As the incidence of coronavirus in Travis County continues to decline, social removal orders can be eased just in time to enjoy cooler fall conditions with friends.
Mayor Steve Adler first considered possible changes to social distancing orders during a virtual public briefing Monday night.
Adler said that once Travis County’s seven-day moving average drops to 10 new hospitalizations, health officials could allow larger gatherings, especially outdoors.
The average for seven days on Monday night is 13, according to the city board.
Dr Mark Escott, the Austin-Travis County Provisional Health Authority, reiterated Adler’s statements to commissioners during a public hearing on Tuesday.
Over the past three weeks, Escott said the moving average for hospital admissions has risen between 1
Escott did not say how soon she believed the seven-day moving average would drop to 10. However, she said residents should continue to wear masks and practice social distancing to help push the average even further.
If Travis County still moves to Stage 2, it will mean that residents will again be allowed to gather in groups of 25 or less.
As of Tuesday afternoon, residents were allowed to gather at no more than 10.
Escott told commissioners last week that the coronavirus was likely to be the third leading killer in Travis County this year.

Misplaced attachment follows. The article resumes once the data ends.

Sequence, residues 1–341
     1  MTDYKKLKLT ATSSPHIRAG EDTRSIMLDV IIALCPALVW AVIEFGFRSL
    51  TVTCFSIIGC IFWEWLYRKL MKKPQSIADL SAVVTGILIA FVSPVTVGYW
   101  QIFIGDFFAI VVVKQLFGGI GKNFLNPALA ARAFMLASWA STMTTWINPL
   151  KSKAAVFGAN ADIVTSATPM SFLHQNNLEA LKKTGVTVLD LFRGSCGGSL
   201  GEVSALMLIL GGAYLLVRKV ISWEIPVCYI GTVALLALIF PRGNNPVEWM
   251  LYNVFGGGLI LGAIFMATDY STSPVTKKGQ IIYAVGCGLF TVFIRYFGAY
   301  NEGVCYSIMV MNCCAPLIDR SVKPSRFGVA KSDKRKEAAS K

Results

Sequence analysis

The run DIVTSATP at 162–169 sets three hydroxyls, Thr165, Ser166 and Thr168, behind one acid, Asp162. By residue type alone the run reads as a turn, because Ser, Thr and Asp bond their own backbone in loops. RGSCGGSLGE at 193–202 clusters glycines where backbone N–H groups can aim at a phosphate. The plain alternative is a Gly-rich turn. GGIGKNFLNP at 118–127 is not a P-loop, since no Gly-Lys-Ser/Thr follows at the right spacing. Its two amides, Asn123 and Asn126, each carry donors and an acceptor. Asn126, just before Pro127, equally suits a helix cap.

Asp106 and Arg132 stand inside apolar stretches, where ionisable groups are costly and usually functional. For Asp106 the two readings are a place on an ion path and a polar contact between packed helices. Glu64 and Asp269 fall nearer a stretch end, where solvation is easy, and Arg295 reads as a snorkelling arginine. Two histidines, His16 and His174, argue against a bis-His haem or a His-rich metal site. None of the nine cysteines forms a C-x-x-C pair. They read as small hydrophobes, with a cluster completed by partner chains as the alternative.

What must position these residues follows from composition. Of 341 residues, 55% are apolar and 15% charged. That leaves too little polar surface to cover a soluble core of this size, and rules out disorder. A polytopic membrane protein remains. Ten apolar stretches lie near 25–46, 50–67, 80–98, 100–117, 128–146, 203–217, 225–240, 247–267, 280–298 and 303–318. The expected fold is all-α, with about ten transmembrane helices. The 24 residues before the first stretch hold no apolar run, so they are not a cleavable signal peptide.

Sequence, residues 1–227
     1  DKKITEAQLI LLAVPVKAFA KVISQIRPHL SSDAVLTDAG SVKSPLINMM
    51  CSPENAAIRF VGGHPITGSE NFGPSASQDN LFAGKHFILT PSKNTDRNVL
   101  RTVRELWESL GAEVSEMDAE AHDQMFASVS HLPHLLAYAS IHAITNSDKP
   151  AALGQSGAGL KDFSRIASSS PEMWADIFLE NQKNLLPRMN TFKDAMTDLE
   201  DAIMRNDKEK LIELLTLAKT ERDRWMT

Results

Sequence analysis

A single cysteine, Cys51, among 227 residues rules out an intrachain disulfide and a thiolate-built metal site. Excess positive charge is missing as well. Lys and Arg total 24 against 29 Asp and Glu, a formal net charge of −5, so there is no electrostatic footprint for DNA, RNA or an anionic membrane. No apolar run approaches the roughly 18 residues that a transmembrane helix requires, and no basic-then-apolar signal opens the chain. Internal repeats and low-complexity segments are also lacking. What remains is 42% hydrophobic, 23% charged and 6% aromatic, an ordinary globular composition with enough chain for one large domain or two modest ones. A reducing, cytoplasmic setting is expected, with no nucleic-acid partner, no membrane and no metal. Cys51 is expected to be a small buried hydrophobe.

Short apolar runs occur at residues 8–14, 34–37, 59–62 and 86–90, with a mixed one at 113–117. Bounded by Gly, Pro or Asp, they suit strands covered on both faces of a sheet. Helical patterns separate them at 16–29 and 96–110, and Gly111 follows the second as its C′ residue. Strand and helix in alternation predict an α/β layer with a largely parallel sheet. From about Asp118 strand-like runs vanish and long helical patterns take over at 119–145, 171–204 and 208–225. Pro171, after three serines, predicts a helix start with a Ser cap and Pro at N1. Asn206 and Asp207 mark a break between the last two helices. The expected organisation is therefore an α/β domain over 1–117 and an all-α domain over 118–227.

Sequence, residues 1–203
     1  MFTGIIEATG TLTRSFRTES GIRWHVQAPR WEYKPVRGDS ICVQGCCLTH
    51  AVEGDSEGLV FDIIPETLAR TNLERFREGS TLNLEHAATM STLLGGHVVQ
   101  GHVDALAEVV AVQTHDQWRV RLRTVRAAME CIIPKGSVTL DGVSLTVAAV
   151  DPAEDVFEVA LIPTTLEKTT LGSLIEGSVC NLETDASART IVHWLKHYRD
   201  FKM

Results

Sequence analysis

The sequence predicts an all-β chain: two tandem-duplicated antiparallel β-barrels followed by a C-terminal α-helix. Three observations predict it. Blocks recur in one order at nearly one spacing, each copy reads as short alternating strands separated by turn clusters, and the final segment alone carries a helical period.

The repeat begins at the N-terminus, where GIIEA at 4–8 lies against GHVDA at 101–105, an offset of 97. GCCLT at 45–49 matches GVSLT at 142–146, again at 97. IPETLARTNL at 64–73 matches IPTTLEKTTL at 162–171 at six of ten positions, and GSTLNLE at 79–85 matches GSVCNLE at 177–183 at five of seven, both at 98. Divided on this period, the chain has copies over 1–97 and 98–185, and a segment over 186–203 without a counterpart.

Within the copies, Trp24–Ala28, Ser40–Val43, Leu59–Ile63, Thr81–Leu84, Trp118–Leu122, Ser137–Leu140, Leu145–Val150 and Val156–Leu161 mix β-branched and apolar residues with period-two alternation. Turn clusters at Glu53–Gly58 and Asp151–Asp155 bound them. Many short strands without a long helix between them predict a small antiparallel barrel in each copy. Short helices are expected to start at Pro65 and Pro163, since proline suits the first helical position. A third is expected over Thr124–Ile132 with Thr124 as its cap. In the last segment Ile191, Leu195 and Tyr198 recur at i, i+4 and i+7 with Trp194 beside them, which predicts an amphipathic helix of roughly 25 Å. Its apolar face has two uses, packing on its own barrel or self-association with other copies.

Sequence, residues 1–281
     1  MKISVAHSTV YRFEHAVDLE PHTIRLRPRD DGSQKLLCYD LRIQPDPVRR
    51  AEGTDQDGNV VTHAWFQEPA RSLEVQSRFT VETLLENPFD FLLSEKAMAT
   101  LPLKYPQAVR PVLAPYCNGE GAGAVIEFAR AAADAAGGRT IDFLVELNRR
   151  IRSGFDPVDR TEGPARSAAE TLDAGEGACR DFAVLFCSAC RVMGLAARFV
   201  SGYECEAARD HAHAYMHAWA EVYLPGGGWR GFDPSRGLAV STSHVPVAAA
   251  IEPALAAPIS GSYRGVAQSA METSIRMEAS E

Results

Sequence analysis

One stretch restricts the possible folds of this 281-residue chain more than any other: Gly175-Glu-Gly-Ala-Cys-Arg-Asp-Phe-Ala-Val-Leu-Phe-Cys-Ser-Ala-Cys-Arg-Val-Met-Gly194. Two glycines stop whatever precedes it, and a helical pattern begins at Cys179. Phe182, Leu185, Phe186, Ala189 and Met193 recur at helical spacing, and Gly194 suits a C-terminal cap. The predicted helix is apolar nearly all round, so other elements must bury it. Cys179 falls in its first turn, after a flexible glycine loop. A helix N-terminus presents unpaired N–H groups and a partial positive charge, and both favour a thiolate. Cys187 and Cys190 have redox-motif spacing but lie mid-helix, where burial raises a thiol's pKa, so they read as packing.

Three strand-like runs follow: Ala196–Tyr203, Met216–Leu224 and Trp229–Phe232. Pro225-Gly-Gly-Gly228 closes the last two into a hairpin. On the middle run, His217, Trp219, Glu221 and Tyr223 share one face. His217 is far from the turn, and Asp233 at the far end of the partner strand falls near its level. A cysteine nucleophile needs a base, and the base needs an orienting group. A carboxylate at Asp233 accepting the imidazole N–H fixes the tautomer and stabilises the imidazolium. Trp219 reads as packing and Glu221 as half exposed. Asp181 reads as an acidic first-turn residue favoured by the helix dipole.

The region’s top health authority added that several false messages were circulating in the community, which it hoped to clear. One misconception is that COVID-19, a disease caused by the coronavirus, is as dangerous as the flu. A second falsehood is that masks do not help prevent the spread of the virus.
Both are far from the truth.
Hoping to illustrate the danger of the disease, Escott told commissioners last week that COVID-19 was likely to be the third largest killer in the area by the end of this year.
According to vital Austin Public Health records from 2018, for example, cerebrovascular disease has caused 337 deaths in Travis County. Accidents (512 deaths), heart disease (1,092 deaths) and cancer (1,229 deaths) are the top three leading causes of death in 2018, officials said.
As of Monday this year, the county has registered 426 deaths from COVID-19.
This is an evolving story; check for updates.